Oscar Wilde and the Poetics of Ambiguity

Oscar Wilde and the Poetics of Ambiguity

Oscar Wilde and the Poetics of Ambiguity

Oscar Wilde and the Poetics of Ambiguity

Synopsis

"Oscar Wilde and the Poetics of Ambiguity presents an inclusive approach to Wilde criticism. It highlights the diversity in Wilde's writing, suggests strategies for reading, and leaves the reader to decide how best to apply them." Title Summary field provided by Blackwell North America, Inc. All Rights Reserved

Excerpt

Until his ill-considered libel suit against the Marquess of Queensberry brought him disgrace in 1895, Oscar Wilde excelled at playing upon the power of popular sentiment to enhance the public's favorable perceptions of his life and his work. Thus, regardless of the flip tone of the epigraphs opposite, they reflect the serious attention that Wilde gave to the evocation of conventional views and traditional cultural values. Not only Algernon Moncrieff (the speaker in the first epigraph) but all of the characters in The Importance of Being Earnest--despite their extravagant behavior--retain a keen interest in the mores of Victorian society. Indeed, throughout Wilde's writing the "good example" of "the lower orders" plays a pivotal part in showing his characters just how far they can stretch the prescriptions for behavior imposed by societal norms.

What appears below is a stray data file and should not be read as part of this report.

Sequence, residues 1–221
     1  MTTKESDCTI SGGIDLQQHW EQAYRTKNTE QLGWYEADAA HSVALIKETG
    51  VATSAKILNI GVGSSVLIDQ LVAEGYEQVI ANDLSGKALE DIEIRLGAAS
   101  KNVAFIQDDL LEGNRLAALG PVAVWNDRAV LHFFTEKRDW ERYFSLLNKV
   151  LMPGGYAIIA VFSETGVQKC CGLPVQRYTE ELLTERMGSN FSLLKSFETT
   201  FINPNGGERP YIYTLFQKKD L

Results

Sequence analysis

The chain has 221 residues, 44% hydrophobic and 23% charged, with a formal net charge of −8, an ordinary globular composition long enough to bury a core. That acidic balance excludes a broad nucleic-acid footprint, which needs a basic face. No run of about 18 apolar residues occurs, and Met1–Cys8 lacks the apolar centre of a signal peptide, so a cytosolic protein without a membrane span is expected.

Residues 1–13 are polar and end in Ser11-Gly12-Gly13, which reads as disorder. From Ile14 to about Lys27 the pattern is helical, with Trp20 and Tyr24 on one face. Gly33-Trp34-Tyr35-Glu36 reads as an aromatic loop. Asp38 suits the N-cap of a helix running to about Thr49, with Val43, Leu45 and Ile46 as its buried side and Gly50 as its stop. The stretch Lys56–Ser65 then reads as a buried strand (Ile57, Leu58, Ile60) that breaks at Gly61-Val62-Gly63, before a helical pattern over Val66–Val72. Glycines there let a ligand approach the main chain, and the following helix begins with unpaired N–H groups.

For this reason, Wilde's remarks in the second passage serve the ancillary function of emphasizing, with only slight hyperbole, a consideration prominent throughout his own canon. Kipling's ability to reflect in his writing the central elements and common enthusiasms of popular culture inspires Wilde's genuine respect because all of his works--even, in a baroque fashion, Salome--grow out of and speak to the tastes of the broad middle-class segment that dominates late Victorian society. In the quotation, Wilde may seem to stigmatize Kipling's depiction of conventional values as an appeal to common vulgarity, but in fact his own work affirms an interest in cultivating voices that would produce similar popular resonances. (Biographies of Wilde leave the distinct impression that he would be far more comfortable acknowledging an interest in the vulgarity of the lower orders than in the refinement of the middle class. Nonetheless, in both the perspective that dominates Kipling's writings and the point of . . .

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